Republican Prisoners Memorial Wall

James Connolly was executed on May 12th, 1916. Both the (freshly painted) Connolly plaque shown above and the Martin Meehan mural on the adjacent wall paint the struggle of the republican prisoners and the Provisionals of the ‘Troubles’ as descendants of 1916’s Easter Rising. Several name-plaques have been added to (what is now officially titled) the ‘Republican Prisoners Memorial Wall’ compared to the number seen in September.
For close-ups of the door and sculptured rocks, see Father Time.
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11 Innocent Civilians

The inquest into the Ballymurphy Massacre – the killings of 11 people from August 9th to 11th, continues, with testimony this past week from former Paratrooper Henry Gow (Irish News | BBC-NI). The image above shows Hugh Mullan being shot from Springmartin while going to the aid of a neigbour, Bobby Clarke; he is waving a white Babygro (BallymurphyMassacre.com). The Paratrooper is distinguished by his red beret.
The mural was originally painted by Risteard Ó Murchú in 2008 and displayed first on the Whiterock Road then around the corner on the Springfield Road; the location of the repainted board is at the Glenalina Road entrance to the area, in the spot of the former 1916 GPO mural (which had lasted seventeen years before being whitewashed in 2017).
“This plaque is dedicated to the 11 innocent civilians murdered by members of the British Parachute regiment in August 1971. Fr Hugh Mullan, Frank Quinn, Noel Phillips, Joan Connolly,
Danny Teggart, Joseph Murphy, Eddie Doherty, John Laverty, Joseph Corr, Paddy McCarthy, John McKerr. Donated by the Frank McCann Cumann, Hamilton [Scotland] (Fb).”
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Unknown Soldier

As time passes, volunteers who survived the Troubles are being taken by natural causes. There are thousands of such people and it is not clear on what grounds some will be publicly commemorated and others not – it might as simple as whether surviving friends and family take the pains to do so. See, for example, the plaques of republican ex-prisoners being added to a wall in Ardoyne (Door Into The Dark). The plaques above “In loving memory of Volunteer Dennis/Denis Brine, associated with Glasgow Red Hand Commandos” are in the lower Shankill estate.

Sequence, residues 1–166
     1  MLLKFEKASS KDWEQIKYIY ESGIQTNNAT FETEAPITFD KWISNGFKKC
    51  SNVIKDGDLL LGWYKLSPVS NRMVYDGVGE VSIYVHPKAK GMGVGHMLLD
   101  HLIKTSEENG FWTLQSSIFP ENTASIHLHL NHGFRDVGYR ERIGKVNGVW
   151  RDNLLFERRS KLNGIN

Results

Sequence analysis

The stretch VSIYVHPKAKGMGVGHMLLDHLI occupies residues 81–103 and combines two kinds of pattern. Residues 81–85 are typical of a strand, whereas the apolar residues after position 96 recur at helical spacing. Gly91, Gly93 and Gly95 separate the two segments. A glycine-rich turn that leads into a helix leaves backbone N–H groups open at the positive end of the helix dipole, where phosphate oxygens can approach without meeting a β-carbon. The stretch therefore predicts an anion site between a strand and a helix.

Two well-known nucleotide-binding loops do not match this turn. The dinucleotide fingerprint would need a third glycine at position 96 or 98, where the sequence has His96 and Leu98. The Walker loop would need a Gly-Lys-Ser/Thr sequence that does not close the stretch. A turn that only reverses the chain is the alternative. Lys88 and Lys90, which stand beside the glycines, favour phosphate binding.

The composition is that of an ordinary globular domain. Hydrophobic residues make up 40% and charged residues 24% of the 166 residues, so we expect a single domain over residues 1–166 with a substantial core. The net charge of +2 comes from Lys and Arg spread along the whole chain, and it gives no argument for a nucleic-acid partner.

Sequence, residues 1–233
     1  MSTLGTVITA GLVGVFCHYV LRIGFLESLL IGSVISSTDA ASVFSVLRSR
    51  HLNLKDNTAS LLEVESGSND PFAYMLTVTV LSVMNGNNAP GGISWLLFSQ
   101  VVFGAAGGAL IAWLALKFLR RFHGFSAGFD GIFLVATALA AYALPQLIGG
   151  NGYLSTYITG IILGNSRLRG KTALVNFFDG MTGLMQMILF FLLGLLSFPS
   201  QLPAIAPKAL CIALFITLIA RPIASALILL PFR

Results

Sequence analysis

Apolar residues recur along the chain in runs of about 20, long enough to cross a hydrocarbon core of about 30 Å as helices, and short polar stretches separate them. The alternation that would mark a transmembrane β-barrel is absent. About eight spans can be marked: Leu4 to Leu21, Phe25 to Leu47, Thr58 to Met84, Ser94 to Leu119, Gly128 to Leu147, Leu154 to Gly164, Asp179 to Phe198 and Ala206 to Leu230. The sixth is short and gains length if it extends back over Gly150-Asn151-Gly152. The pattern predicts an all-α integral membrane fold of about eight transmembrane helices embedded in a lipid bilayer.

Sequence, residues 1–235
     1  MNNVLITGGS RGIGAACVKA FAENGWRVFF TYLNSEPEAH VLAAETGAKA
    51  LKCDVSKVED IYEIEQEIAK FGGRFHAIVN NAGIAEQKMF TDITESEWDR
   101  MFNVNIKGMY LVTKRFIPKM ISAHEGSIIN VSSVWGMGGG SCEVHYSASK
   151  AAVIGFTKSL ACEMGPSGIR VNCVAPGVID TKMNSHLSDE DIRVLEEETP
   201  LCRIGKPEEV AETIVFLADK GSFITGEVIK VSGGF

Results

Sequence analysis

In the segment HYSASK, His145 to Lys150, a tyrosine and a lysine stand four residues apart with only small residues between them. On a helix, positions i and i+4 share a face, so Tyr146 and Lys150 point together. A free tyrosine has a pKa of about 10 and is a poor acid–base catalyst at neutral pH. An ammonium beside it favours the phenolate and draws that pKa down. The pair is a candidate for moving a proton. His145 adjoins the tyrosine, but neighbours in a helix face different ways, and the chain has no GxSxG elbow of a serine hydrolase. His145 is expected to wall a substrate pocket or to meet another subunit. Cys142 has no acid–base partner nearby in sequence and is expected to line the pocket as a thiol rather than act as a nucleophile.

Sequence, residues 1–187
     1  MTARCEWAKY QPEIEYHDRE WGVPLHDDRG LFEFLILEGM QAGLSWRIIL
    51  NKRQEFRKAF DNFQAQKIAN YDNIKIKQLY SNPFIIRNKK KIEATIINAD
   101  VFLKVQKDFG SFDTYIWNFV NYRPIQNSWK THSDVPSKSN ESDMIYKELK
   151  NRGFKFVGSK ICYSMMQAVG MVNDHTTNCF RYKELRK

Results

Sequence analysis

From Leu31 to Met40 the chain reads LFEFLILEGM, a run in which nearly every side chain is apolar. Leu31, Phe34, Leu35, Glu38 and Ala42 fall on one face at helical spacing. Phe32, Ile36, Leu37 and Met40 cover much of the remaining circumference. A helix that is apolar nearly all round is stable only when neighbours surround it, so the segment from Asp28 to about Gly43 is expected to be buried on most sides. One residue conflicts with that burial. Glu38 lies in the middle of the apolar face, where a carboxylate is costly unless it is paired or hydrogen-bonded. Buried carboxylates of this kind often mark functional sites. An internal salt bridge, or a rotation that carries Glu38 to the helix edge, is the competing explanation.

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We Forget Them Not

Three of the UDA/UYM/LPA murals in Kenbaan Street (see We Forget Them Not and Tomorrow Belongs To Us) have been replaced by the spray-painted boards shown here and the wall of the memorial garden repainted. The red colour-scheme matches the Tim Collins board to the left.
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The Proclamation

Robert Ballagh’s 1916 Proclamation was first painted as a mural by Mo Chara Kelly and Risteard Ó Mhurchú in 1991 for the 75th anniversary of the Easter Rising (see Cáisc 1916 which also contains the Ballagh piece). That version stood for ten years on the Whiterock Road. It has reproduced again in Ard An Lao above the hunger strikers, after the removal of several plaques (see All Our Dead). “With special thanks to Hugo Óg Wilkinson”.
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text: X06110 our revenge will be let there be no bitterness

Getta Warszawskiego

In November, 1940, approximately 400,000 Polish Jews were confined to an area of 1.3 square miles in northern Warsaw – the Jewish Ghetto – encircled by a wall topped with barbed wire begun in April. From there, they were transported to the concentration camps, as many as 250,000 in the summer of 1942. The uprising of April and May 1943 was met with a German campaign to raze the ghetto, which they succeeded in doing. The wall between two houses on the southern border stands to this day within sight of the skyscrapers of modern Warsaw as a memorial to the dead.